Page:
And that’s why remote resources are more vital than ever.

It’s no secret that the media industry has a diversity issue (and of course you’re reading this on PressPad’s blog, so you already know that!).

But remote opportunities are a small step in lowering barriers to access. Anyone with access to the Internet – in my case, a newbie freelancer logging on from Southeast Asia and France – can join, quite often for free.

In a time of anxiety and dwindling opportunity, free online masterclasses, workshops and panels can step in to provide much-needed avenues for learning, networking and community, especially for those just starting out.

From April to July, PressPad Remote saw people attending its programme of free masterclasses and clinics from all over the world – signing up from France, Poland, Hong Kong, Canada, Singapore, the United Arab Emirates and Kenya, among other places.

One of these was Aina de Lapparent Alvarez, a 23-year-old freelance journalist and master’s student, who attended a PressPad Remote masterclass from France.

“I want to work both in French-speaking, English-speaking  and possibly Spanish-speaking media, but I have less access to English-speaking media mentorship and networking workshops, opportunities and the like,” she said.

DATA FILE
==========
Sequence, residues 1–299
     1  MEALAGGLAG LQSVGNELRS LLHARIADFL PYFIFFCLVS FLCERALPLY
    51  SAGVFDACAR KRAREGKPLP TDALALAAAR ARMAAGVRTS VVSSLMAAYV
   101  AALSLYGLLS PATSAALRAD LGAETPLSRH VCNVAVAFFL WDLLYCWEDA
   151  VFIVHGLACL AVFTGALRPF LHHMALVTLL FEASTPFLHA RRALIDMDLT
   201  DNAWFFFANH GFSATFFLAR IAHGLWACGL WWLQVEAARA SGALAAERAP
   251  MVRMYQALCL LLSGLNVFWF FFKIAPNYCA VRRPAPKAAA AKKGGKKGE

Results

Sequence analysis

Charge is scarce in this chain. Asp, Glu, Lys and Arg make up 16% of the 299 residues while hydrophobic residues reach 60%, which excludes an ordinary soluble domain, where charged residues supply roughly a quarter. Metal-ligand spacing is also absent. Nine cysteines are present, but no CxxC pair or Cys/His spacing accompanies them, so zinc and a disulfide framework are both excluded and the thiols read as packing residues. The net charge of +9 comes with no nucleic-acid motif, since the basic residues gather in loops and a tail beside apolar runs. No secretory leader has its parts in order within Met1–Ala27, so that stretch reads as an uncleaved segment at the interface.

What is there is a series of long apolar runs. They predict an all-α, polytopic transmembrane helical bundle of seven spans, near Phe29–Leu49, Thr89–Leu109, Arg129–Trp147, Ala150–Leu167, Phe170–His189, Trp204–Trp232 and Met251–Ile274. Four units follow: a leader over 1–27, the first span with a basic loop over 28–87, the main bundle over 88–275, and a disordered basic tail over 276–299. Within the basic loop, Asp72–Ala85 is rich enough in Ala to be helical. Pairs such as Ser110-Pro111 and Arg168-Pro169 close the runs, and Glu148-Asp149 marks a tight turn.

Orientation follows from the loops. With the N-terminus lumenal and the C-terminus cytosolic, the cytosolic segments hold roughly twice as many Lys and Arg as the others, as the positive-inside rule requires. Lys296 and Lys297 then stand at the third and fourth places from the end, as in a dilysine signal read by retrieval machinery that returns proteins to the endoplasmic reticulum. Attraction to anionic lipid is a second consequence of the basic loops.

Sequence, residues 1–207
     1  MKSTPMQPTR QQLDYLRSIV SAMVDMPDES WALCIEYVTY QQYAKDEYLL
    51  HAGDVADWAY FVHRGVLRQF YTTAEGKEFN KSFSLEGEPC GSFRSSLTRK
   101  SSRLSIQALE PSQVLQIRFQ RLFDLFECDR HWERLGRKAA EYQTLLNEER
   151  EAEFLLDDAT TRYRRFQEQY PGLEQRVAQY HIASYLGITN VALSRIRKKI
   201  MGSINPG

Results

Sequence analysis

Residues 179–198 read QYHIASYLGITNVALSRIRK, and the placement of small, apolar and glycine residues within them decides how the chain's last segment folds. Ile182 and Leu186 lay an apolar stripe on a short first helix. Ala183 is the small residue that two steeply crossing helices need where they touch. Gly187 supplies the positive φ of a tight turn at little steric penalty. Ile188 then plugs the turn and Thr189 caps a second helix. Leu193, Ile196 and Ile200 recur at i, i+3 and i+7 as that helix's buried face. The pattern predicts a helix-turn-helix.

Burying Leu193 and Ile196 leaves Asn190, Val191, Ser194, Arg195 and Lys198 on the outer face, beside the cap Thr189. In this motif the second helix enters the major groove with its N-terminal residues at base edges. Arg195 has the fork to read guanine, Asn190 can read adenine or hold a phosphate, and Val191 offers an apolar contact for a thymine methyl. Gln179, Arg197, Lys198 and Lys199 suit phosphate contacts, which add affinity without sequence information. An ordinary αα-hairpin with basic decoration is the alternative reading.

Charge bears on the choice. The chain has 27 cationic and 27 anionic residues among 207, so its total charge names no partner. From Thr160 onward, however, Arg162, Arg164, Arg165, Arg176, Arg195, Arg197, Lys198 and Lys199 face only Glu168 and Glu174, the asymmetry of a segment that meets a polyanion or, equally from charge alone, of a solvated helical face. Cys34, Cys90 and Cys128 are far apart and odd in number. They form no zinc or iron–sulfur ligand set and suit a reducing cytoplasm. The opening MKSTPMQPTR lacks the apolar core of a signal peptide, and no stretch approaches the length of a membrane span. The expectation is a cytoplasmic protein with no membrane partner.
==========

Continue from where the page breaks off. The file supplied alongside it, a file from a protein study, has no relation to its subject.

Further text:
“Not being a native language speaker, I feel like it’s a bit more of a gamble to bet on us. I feel an editor might be more reluctant,” she said. “There’s a lot of insider knowledge, inside cultural knowledge.”

“As a freelancer, you want to work with different media and different publications because you have to; it’s a slightly different mindset, and when you’re coming from a different country it’s even harder.”

Aina de Lapparent Alvarez

But given the pandemic, as both Aina and I have found, opportunities that might have previously come about only through in-person contacts or conversations are now easier to access when things are remote and open to a wider audience.

“I feel that now, because everything is remote, there are a lot of things I have the same access to as someone who is in the US or UK,” she said. 

“I feel (before), there were mentorships, networking opportunities happening more through friends of friends – ‘my aunt knows someone who’s in journalism, do you want to talk with them’ – or through schools.

“And well now, since everything is online … all of us who have reliable Internet are kind of on an equal footing.”

The current COVID-19 pandemic is temporary (even though it’s hard to remember this sometimes). But let’s hope remote programmes stick around, even after we can meet again in person.

Nicole Chang (@NicoleChangLin) is a Singaporean journalist based in Paris. She is part of the fundraising team for PressPad’s crowdfunding campaign #PassItOn, which is raising money to put on a second season of free, remote opportunities for young journalists, #PressPadRemote.